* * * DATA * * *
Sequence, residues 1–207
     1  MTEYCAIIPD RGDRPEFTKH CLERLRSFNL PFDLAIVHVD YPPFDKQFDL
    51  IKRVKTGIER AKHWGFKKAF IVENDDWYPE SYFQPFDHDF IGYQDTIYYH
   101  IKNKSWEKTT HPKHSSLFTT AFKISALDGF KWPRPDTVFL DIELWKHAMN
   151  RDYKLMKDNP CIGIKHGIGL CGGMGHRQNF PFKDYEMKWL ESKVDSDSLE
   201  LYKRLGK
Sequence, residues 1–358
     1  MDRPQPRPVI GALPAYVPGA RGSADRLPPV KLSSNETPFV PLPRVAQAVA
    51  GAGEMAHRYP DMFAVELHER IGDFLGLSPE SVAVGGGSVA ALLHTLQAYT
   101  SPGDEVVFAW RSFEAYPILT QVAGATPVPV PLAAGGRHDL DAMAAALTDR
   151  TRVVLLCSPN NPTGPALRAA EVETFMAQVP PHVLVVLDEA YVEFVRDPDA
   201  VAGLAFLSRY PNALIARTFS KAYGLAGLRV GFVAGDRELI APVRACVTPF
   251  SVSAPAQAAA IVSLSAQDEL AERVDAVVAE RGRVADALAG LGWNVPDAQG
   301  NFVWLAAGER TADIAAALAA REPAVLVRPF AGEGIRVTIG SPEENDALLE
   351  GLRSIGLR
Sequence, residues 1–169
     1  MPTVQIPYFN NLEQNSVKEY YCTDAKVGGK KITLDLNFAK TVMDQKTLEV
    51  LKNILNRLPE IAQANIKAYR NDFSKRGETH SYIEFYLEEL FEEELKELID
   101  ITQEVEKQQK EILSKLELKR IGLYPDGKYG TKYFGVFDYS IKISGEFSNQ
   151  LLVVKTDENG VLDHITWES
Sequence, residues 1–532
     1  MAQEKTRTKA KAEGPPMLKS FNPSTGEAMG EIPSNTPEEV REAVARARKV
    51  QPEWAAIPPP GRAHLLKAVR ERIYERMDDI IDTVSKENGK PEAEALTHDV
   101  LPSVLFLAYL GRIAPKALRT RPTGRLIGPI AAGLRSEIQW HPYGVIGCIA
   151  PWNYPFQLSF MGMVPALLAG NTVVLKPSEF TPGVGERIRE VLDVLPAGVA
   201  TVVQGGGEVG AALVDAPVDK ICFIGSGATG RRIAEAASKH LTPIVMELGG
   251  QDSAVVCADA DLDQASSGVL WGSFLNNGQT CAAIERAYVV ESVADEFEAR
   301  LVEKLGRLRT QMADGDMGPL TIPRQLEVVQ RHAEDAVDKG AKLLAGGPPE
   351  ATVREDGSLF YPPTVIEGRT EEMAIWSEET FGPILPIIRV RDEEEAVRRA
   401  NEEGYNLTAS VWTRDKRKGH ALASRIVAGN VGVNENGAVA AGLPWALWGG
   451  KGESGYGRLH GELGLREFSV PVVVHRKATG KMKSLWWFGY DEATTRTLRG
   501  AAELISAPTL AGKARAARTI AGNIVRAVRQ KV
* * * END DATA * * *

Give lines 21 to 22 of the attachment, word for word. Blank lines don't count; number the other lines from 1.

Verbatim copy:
Sequence, residues 1–532
     1  MAQEKTRTKA KAEGPPMLKS FNPSTGEAMG EIPSNTPEEV REAVARARKV